Rep. Nita Lowey, D-N.Y., a senior member of the subcommittee that funds DHS, plans to introduce legislation that would require airlines to transmit passenger information for inbound international flights to the CBP 24 hours in advance of departure and would increase the number of TSA representatives stationed abroad, among other things.
Critics insist that rather than treating everyone — whether flying within or to the United States — as a potential terrorist, the TSA should divide travelers into low-risk groups that would undergo less screening and high-risk groups that would receive more-intense scrutiny.
Andrew Steinberg, a partner at the Jones Day law firm and a former assistant secretary of Transportation for aviation and international affairs, said, “The way we’re going about this is all wrong. We’re spending all this money on high-tech screening of 100 percent of passengers when we do not have timely and accurate information on the .001 percent of passengers who want to do harm. We should make sure we have all of the information we would want to know about a person before boarding a plane to determine the terrorism risk they pose. Then we should do baseline screening for the majority that pose little risk and do thorough physical screening of the higher-risk people” based on the information gathered in advance, Steinberg said.
For their part, major international airlines and airports must perform the delicate balancing act of reassuring the U.S. government and public that they will help keep terrorists out of the United States without angering privacy advocates in their home countries or discouraging people from flying internationally at a time when overseas travel is the one bright spot for the ailing aviation industry.
Although leading U.S. airlines have remained mum, Robert Crandall, former head of AMR Corp. and American Airlines, said, “If you develop a program that is dreadfully intrusive and imposes greater hassles, the fact is more and more people won’t come to the United States. It doesn’t make a whole lot of sense.”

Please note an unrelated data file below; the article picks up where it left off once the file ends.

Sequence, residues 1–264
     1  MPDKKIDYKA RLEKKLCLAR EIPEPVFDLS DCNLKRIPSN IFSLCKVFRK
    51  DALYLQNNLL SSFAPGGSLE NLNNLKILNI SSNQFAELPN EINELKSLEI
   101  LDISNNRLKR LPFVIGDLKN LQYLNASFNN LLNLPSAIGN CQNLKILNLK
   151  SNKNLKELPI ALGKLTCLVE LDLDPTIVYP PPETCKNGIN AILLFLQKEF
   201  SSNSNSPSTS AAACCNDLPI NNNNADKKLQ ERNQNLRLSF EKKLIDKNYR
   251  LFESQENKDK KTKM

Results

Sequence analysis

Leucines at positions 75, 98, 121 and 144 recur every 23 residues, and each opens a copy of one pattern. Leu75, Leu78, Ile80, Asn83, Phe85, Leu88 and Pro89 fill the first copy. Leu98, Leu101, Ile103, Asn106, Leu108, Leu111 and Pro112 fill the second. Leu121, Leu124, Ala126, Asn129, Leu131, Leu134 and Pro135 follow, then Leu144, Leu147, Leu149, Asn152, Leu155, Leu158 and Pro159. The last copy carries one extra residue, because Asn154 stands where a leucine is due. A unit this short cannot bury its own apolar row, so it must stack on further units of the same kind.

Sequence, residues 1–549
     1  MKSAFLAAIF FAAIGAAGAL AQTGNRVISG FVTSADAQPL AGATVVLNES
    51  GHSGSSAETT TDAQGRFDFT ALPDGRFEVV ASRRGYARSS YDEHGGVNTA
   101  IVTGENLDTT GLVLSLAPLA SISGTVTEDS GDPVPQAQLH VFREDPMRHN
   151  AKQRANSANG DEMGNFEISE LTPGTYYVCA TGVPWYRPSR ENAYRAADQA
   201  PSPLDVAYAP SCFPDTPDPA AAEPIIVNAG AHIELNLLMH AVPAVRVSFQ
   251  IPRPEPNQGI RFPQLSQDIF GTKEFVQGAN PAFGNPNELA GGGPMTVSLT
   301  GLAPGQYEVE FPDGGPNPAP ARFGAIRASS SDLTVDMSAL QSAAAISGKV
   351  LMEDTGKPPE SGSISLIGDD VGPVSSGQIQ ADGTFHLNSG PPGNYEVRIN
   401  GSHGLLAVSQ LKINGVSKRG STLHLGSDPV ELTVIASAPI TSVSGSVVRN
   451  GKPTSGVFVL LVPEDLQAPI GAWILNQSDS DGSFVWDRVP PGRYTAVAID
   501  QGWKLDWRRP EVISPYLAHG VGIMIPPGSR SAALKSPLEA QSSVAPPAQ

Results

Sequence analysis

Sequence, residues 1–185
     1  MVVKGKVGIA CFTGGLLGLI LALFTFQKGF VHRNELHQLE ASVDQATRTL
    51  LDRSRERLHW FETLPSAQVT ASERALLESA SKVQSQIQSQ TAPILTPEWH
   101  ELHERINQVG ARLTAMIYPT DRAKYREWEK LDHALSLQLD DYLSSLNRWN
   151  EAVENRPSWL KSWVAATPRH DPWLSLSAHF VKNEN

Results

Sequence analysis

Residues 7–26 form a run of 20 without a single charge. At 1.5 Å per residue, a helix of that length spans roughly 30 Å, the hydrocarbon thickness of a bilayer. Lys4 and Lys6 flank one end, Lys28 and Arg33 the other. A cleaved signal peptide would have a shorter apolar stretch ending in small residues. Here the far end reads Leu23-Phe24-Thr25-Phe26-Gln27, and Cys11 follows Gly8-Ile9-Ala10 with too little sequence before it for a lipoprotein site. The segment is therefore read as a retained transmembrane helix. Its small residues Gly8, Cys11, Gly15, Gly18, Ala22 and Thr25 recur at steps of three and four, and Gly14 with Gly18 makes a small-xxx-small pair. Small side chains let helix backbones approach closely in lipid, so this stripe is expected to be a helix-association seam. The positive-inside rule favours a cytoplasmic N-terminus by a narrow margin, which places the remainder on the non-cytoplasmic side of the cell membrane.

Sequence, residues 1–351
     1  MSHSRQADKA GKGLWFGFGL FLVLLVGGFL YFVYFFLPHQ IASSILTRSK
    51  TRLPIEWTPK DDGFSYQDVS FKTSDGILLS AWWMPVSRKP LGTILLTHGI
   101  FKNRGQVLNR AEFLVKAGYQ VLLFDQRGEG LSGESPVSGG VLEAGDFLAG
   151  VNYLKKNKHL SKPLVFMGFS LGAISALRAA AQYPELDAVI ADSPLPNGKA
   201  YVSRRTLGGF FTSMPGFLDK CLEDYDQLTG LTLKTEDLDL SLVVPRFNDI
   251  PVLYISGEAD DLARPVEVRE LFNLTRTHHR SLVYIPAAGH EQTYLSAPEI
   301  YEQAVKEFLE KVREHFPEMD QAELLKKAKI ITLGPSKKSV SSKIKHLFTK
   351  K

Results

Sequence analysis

In many countries, airports have to foot the bill for security without government assistance, making them wary of crisis-driven calls for layering on expensive new technologies. Indeed, the Airports Council International, which represents the world’s airports, believes that aviation security costs “should be borne largely by the state.”
Kip Hawley, TSA administrator from 2005 to 2009, noted the magnitude of the task but was optimistic that it ultimately can be accomplished. “It’s a tough situation managing a consistent level of security across airports all over the world. We tend to fixate on the checkpoint, but it’s more than that. The job is not to secure individual flights or individual airports, but to secure the entire aviation network.”
The key, Hawley said, is that “security needs to fit inside the business process and not be an ugly bolt-on. I do not think security has to be a pain or that it has to take a lot of time if the TSA and the airports and the airlines all work together.”